Where J.I.D lives, inside a brick red two-story home in southwest Atlanta, there is no clear divide between work and home. To the right in this open floor plan is his home studio, replete with a portable vocal booth in what should be the dining room. To the left is the living room, where his management and friends debate over how André 3000 might be received if he was getting his start in music today. Everyone else can hear ESPN's Pardon The Interruption blaring from the widescreen TV. But not J.I.D, who sits not even ten feet away at the kitchen table, his notebook in front of him and headphones on. The longer he listens to the Velvet Underground for the first time, processing what Lou Reed, John Cale, Sterling Morrison, and Maureen Tucker created during the '60s, the more his eyes begin to widen.
This time at home is J.I.D hitting reset after a breakout year. In February, J. Cole's label Dreamville announced J.I.D as its newest signee. While his Dreamville debut The Never Story mostly features songs J.I.D released a few years ago, his neosoul bent on Atlanta hip-hop stylings still felt like a revelation to new fans like Yasiin Bey, plus whoever caught his first headlining North America tour or saw him perform overseas with his new label boss. J.I.D has nothing against what has been happening in music today, least of all the buoyant trap from local heroes (he is currently reading The Autobiography of Gucci Mane). But what makes him most excited for his future in music is how he will be able to think for himself.
“For me to be creative, I have to have peace,” he says. “I have to have a space where I don't have to think about you, I don't have to think about anybody, I don't have to think about myself. I can let the experiences flow. I need that type of solitude.”
Born Destin Route, this still-young artist grew up as the youngest of his East Atlanta Brady Bunch, with seven children total. All he remembers of his childhood bedrooms — and there were many, since his family moved around from one East Atlanta apartment building to another — is how many people were there with him. “There was no decorations. It was straight to the point: bed, clothes, whatever. But I always remember there being three or four people,” he says. While J.I.D doesn't seem to think much of his upbringing now, The Never Story's “General” alludes to more dire days, of people he knew going to jail, his brother having court dates, enough drug deals to make him feel cynical toward “happy trappers.” That same song also breaks down the career path options he saw for himself: “Friday Night Lights, I was catching and dropping punts / thinking about rapping, I could be J.I.D or Chris Johnson.”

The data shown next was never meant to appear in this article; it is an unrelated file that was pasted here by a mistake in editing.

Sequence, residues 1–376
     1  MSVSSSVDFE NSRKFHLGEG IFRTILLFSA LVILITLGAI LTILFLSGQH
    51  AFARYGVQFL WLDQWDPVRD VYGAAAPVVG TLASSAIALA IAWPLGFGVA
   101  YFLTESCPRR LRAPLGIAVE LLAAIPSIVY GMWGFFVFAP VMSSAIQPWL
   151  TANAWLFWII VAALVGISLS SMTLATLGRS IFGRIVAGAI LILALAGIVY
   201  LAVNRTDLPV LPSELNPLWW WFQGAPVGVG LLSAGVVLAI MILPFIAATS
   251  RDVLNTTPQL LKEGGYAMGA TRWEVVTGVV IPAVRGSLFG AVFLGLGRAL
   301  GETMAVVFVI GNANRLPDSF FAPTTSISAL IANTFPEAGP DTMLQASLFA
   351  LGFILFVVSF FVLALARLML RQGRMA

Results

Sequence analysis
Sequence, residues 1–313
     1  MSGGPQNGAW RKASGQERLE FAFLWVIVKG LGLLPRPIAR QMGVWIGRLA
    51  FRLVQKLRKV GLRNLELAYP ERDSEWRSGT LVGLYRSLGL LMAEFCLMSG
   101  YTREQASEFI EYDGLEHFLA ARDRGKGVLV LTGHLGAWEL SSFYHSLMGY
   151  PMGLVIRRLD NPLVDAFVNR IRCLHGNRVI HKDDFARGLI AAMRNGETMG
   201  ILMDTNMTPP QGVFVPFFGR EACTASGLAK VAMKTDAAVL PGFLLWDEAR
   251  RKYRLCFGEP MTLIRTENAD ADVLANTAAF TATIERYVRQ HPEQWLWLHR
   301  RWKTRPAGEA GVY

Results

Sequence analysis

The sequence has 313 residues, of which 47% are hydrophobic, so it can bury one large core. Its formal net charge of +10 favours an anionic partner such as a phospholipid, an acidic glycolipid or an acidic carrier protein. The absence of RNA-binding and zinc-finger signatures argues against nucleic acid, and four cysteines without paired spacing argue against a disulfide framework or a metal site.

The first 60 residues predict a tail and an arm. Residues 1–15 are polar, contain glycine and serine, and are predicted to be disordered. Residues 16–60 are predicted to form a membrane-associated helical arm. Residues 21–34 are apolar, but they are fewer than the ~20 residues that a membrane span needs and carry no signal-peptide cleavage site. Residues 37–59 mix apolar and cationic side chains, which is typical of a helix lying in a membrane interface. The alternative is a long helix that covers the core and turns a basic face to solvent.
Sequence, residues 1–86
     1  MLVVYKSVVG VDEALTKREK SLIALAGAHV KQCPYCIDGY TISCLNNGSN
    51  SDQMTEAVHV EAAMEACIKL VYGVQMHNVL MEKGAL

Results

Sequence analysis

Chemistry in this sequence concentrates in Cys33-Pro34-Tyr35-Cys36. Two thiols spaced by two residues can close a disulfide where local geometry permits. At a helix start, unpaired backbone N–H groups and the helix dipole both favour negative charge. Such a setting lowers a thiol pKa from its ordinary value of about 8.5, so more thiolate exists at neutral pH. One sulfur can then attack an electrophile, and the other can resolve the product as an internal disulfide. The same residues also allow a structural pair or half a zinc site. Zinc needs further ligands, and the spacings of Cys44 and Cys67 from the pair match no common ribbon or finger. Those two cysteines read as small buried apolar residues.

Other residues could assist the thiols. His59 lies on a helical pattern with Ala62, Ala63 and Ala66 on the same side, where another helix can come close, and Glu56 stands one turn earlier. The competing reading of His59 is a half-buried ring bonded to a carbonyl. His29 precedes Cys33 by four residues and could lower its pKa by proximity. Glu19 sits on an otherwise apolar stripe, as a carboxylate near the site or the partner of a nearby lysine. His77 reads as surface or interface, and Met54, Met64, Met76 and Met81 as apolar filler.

J.I.D went to school in coastal Virginia on a football scholarship, as inspired by his older brother and his own success on the field. “I was fast, and I ain't really give a fuck,” he says. (Such confidence might also explain why today, at City of Ink in Castleberry Hill, he gets a falcon's skull tattooed on his bicep. “A falcon,” he says, “ain't no bitch ass bird.”) But meeting Earthgang made him second-guess himself. J.I.D used to cut verses at his classmate Pat's dorm room studio in between practices. He thought that he was the best emcee on campus. One day, though, he came back to Pat's and overheard Doctur Dot and Johnny Venus, of Earthgang as well as a collective called Spillage Village.
“Ever since then, we was cool, like, 'Shit, I fuck with you,'” J.I.D says. “We were some of the few people who were from Atlanta, who went to that school. And they were a group since high school. I was just messing around. But their focus and drive kind of made me go, 'Oh, this is attainable. I could really do this.'”
I have to have a space where I don't have to think about you, I don't have to think about anybody. I can let the experiences flow. I need that type of soliTUDE.
J.I.D wouldn't start writing what became The Never Story, though, until he felt like he had no other choice. He had lost his football scholarship. (“Kicked out of college for tongues, niggas be talking / I wasn't even on camera, just hit the lick with some amateurs,” he explains in “General.”) He lived with his parents for a spell, then the 2006 Pontiac G6 his grandmother helped him buy, which he still drives to his day. He would write songs in that same car, in between shifts delivering pizzas on Atlanta's Westside specifically, hoping that he wouldn't see anyone he knew.